Every society is bound by certain restrictions: they have to be. Now, such "laws" might not be set in stone; actions might be discouraged merely by social pressure; they might be labeled "morés" instead of "laws," but they are still proscriptions on behavior.
I don't mean to imply that I reject society out of hand. I like living with people and though I've been tempted from time to time to give it all up and live like Jeremiah Johnson (or Thoreau), I don't think I could live that way much longer than the length of a vacation. (Then again, talk to an anarcho-primitivist and you might get a much different answer.)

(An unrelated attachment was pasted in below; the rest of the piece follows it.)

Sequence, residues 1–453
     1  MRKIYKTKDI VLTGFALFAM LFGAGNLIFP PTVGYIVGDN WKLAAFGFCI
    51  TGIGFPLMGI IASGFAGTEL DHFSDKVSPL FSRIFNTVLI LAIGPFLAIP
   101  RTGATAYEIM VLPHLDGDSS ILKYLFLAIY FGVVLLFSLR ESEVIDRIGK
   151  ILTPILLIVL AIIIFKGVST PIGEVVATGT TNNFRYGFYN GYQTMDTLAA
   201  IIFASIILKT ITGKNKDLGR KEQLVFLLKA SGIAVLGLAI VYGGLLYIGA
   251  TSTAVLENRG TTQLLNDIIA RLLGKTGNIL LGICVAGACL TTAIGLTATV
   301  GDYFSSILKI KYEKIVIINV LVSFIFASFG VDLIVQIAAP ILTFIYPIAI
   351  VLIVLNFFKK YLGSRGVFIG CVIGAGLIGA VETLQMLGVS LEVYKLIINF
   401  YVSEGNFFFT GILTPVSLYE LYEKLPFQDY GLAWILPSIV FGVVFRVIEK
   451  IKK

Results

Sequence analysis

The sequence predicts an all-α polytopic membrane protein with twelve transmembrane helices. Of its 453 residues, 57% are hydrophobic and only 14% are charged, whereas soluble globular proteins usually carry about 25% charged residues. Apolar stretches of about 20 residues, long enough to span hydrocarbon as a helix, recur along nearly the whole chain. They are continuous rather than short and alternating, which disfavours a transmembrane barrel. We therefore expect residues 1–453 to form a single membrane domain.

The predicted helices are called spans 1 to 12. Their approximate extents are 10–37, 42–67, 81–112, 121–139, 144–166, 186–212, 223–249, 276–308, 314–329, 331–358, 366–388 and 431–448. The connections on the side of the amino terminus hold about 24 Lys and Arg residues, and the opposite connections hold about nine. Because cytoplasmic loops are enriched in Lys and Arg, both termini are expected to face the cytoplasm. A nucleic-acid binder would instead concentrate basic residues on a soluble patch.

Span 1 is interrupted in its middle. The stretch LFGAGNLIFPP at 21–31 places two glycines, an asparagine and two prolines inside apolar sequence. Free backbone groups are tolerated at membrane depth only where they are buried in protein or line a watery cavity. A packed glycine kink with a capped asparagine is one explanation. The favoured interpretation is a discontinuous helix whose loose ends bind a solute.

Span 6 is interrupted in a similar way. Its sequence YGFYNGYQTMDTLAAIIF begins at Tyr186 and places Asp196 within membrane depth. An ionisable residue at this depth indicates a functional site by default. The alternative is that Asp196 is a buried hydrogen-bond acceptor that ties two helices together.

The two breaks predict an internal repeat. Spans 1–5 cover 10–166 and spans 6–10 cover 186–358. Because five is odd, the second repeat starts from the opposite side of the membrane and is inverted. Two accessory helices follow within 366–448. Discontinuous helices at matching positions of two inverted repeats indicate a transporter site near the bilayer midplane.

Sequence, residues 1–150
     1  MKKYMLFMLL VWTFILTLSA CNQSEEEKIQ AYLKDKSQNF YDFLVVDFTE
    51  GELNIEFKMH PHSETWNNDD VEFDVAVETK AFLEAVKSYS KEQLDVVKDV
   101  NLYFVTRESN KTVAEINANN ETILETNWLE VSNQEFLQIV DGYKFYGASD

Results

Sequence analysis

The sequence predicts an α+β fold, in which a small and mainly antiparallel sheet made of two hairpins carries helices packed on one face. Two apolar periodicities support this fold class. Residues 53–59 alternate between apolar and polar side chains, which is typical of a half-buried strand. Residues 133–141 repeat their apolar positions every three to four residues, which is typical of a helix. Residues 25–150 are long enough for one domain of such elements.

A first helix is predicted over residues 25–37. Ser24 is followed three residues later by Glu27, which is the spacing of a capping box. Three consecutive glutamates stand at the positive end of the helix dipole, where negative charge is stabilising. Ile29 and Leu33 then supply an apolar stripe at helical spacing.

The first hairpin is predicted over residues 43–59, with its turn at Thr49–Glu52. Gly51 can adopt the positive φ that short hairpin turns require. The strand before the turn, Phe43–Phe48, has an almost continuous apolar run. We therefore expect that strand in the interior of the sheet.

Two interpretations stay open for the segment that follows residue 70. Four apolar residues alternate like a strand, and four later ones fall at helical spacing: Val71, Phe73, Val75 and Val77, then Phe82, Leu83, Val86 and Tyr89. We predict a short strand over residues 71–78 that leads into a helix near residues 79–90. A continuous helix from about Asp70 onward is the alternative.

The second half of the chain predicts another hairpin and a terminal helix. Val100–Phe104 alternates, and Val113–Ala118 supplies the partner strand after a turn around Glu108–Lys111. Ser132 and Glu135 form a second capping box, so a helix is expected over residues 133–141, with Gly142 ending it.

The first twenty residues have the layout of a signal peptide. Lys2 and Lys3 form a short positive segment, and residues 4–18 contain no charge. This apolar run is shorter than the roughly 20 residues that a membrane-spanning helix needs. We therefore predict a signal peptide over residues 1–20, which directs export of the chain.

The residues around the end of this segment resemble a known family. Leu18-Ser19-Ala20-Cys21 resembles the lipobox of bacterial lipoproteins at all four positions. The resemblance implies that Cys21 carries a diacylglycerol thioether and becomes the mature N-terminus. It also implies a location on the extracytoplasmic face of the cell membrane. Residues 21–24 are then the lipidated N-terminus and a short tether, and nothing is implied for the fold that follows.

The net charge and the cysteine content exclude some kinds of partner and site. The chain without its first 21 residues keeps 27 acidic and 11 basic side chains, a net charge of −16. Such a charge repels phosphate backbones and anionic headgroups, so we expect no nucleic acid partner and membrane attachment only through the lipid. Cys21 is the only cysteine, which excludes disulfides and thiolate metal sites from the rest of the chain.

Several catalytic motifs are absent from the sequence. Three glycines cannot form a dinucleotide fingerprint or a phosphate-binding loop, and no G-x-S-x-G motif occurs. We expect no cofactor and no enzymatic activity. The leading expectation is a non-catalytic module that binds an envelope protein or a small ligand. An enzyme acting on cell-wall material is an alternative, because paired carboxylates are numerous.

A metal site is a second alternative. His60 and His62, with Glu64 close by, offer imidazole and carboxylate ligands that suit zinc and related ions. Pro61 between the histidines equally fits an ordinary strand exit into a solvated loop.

I think society's (we'll call them) rules should be minimized, unbound by the monopolistic juridical structure of today's "justice" systems, and centered around the harm principle. Hopefully, in a stateless society they would be. (Still, it seems to me that workers' councils and federations are just as liable to tyranny as what we have now.)
But, regardless of the particular format of control, it's still control and control is anathema to that iconoclastic autonomy at the heart of anarchist living. Once again, a law's worth--like anything else--is only valuable to an anarchist insofar as it is tasteful and useful. When it isn't, you can either: follow it strategically because it would be disadvantageous to rebel, set it on fire and laugh with the tongues of flame, or blithely and surreptitiously sidestep it. The choice is always yours.